Mr. Oliver Heald (North-East Hertfordshire) (Con): Mr. Speaker, your Deputy, the right hon. Member for Saffron Walden (Sir Alan Haselhurst), and his constituents have, like mine, fought tirelessly against the Stansted expansion. Does the Secretary of State accept that his decision will cause great misery in Essex and east Hertfordshire? How can he explain it to my constituents? It is not a commercial decision-the airlines and BAA have made that clear. It is not an environmental decision-the expansion was described as a catastrophe by the last inspector to examine it-and there is nobody to pay for the infrastructure. Who will pay for the necessary roads and railway links? He gives no answer. It is not good enough for him to talk about the new slip road because that was promised 10 years ago and it is just a catch-up.

Mr. Darling: The airport will be a commercial decision because BAA is responsible for financing and building it. The Civil Aviation Authority regulates cross-subsidy and similar issues between the London airports. I know what was said in 1985, but I have said to the hon. Gentleman and other Members that a lot has changed in the past 20 years. On surface access, the Government have a responsibility for both road and rail.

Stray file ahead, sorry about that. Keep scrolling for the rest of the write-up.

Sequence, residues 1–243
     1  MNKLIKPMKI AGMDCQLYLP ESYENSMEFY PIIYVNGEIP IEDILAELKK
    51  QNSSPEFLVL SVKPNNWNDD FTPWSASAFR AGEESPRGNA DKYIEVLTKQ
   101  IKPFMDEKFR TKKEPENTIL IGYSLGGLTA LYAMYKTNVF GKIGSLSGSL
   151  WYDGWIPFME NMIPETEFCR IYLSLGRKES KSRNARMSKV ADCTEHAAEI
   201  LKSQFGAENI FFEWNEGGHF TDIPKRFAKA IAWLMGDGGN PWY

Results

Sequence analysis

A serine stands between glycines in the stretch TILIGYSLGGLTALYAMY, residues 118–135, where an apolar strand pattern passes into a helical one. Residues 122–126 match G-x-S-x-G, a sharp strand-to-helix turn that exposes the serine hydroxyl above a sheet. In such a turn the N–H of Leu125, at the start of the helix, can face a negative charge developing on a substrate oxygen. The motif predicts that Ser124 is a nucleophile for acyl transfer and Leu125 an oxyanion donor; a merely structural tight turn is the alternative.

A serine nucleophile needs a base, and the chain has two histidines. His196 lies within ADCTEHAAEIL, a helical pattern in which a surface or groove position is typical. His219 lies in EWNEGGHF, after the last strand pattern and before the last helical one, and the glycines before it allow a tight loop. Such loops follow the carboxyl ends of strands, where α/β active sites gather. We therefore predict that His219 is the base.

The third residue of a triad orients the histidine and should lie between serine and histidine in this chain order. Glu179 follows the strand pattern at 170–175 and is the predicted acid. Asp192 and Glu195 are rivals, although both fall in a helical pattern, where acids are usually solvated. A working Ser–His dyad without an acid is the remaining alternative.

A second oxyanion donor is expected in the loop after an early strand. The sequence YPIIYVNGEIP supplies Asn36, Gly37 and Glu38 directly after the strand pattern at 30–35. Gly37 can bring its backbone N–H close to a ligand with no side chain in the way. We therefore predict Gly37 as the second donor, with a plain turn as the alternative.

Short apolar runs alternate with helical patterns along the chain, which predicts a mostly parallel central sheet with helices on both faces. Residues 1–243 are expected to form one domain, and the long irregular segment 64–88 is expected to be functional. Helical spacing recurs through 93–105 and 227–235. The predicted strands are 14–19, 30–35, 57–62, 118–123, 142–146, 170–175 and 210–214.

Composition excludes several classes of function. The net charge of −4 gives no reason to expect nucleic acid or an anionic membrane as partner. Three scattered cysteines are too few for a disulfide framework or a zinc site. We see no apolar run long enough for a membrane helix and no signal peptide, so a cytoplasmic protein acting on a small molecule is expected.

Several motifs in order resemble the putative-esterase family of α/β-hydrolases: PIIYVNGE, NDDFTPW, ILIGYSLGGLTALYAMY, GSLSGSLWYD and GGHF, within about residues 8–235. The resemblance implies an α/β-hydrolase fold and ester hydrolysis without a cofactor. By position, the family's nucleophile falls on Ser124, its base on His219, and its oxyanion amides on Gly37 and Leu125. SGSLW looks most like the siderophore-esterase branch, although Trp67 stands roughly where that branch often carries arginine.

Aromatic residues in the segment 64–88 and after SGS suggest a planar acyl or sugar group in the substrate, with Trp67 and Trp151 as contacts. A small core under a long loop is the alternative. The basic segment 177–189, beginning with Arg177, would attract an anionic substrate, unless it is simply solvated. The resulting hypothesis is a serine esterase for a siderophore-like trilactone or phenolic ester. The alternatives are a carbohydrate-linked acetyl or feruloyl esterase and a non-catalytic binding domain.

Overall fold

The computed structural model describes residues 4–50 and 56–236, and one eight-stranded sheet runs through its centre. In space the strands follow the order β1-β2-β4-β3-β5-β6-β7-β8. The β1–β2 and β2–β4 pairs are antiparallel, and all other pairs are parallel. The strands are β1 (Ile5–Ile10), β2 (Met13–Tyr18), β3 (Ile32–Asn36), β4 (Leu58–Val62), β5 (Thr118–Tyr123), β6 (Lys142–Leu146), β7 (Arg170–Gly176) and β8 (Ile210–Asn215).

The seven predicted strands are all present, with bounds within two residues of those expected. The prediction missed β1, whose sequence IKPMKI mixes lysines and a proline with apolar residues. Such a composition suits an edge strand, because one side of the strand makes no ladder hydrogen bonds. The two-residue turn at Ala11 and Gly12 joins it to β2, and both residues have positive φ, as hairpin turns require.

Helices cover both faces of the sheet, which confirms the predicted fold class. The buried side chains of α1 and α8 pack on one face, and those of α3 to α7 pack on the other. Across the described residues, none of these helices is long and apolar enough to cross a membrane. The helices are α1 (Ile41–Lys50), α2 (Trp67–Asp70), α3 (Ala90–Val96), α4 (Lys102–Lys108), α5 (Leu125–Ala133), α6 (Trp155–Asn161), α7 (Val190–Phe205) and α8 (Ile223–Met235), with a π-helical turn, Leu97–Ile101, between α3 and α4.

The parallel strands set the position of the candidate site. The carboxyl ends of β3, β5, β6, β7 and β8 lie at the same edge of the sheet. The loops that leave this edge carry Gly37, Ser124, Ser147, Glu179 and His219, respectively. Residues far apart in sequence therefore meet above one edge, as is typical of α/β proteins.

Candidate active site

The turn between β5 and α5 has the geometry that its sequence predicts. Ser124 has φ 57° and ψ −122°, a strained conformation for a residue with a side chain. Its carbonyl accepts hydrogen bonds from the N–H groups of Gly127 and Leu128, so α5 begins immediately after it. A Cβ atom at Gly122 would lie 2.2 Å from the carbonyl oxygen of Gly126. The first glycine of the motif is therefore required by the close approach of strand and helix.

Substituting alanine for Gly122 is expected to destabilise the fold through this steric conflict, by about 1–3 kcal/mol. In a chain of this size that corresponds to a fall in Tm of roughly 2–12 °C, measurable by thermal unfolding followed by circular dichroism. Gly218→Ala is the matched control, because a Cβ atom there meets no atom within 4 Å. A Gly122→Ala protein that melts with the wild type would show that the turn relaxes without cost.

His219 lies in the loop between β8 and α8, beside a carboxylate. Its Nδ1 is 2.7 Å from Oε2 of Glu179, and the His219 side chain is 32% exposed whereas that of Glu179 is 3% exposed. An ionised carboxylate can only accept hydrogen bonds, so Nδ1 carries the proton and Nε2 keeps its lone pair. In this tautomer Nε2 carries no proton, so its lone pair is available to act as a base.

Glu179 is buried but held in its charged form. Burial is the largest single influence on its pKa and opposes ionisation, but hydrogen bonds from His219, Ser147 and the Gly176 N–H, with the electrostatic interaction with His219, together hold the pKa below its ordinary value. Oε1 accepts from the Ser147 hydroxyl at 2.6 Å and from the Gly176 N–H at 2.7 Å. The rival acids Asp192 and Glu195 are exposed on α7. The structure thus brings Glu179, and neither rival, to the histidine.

The hon. Gentleman raised a general point, which we shall return to time and time again, about what he should say to all his constituents. We must balance the fact that airport development has an environmental impact with the fact that more and more of us, including his constituents, are flying more. Such problems are difficult. When I started this process and said that we must press ahead, my senior officials told me that all my predecessors had backed off because the issue is difficult. I can well see why previous Secretaries of State have run a mile from this issue, but I would have been shirking my duty if had not faced up to the difficulties and set out firm proposals to enable people to plan ahead.